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Etienne Guilloteau created The Gyres upon the request of the Toronto Dance Theatre (TDT) in their third collaboration Project.

The Gyres

Etienne Guilloteau

The Brussels/Toronto Project follows the success of the Paris/Toronto(2011) and Berlin/Toronto Projects(2009). Conceived by TDT’s Artistic Director Christopher House, this series shows the company’s commitment to exploring fresh new ideas in choreographic expression through international collaboration. Etienne Guilloteau spent five weeks creating a work for the company’s dancers. The Gyres is a piece made on E. Carter piano sonata written in 1945-46. Guilloteau was first interested in this composition because of its rhapsodic aspect with, nevertheless, a very strong unity in the final result. The listener is carried along in an animated journey. The choreography of The Gyres is characterized by a focus on the complexity of the micro compositions; strewn with an abundance of details, there is nevertheless the concern of making an understandable gesture through the piece as a whole.

“People have a kind of peripheral vision, so to speak, a peripheral series of thoughts and feelings going on in their mind; while they focus on one particular one. I try to give the ‘ambiance’ of a given idea, or a given feeling; and also at the same time present the feeling or thought itself.” E. Carter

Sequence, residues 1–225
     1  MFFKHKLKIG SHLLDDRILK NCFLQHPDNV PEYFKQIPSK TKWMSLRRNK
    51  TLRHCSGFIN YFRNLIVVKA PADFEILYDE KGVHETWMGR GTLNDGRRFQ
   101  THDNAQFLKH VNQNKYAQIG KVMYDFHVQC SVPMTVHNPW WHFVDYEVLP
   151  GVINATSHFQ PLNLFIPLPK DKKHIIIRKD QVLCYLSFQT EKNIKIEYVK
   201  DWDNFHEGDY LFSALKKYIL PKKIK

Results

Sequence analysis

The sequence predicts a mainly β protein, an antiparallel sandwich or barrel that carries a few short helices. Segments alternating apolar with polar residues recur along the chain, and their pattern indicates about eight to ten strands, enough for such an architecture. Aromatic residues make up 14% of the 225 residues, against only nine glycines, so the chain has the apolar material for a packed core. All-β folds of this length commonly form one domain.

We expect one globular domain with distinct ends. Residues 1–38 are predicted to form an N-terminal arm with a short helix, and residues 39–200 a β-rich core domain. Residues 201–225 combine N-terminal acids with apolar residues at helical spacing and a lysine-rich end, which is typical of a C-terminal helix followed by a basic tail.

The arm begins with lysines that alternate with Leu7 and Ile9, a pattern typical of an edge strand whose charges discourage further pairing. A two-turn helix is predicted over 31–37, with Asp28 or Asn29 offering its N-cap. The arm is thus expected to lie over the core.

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Etienne Guilloteau
Choreographic assistance
Claire Croizé
Rehearsal director
Rosemary James
Production manager and costumes
Cheryl Lalonde
Light design
Simon Rossiter
Stage manager/Metcalf Foundation intern
Tara Mohan
Assistant stage manager
Andrea Baggs
Winchester Street Theatre, Toronto
Action Scénique vzw and Toronto Dance Theatre (TDT)
"… In Etienne Guilloteau’s The Gyres, five performers – half the company – dance a constellation that expands and circles in on itself. Each has a signature move or two: Alana Elmer pauses for a brief stop-motion robot dance, Yuichiro Inoue periodically executes a bravura turning leap, Kaitlin Standeven spin-jumps with lofty precision. These physical motifs create striking pools of focus amidst hurrying swirls of motion. The work is very much of the music – Elliott Carter’s propulsive Piano Concerto – progressing inexorably in a way that feels both balletic and modern, formal and at ease. (…) The European aesthetic looks great on TDT. Save yourself a trip and see it here."
K.Smith, NOW, April 2013
The Round

Claire Croizé

Our solo

Claire Croizé & Etienne Guilloteau


Claire Croizé

Duet for two string trios

Claire Croizé

Retour Amont: le Rêve

Etienne Guilloteau & Ictus

Flowers (we are)

Claire Croizé & Matteo Fargion


Claire Croizé & Etienne Guilloteau with Pluto-ensemble


Claire Croizé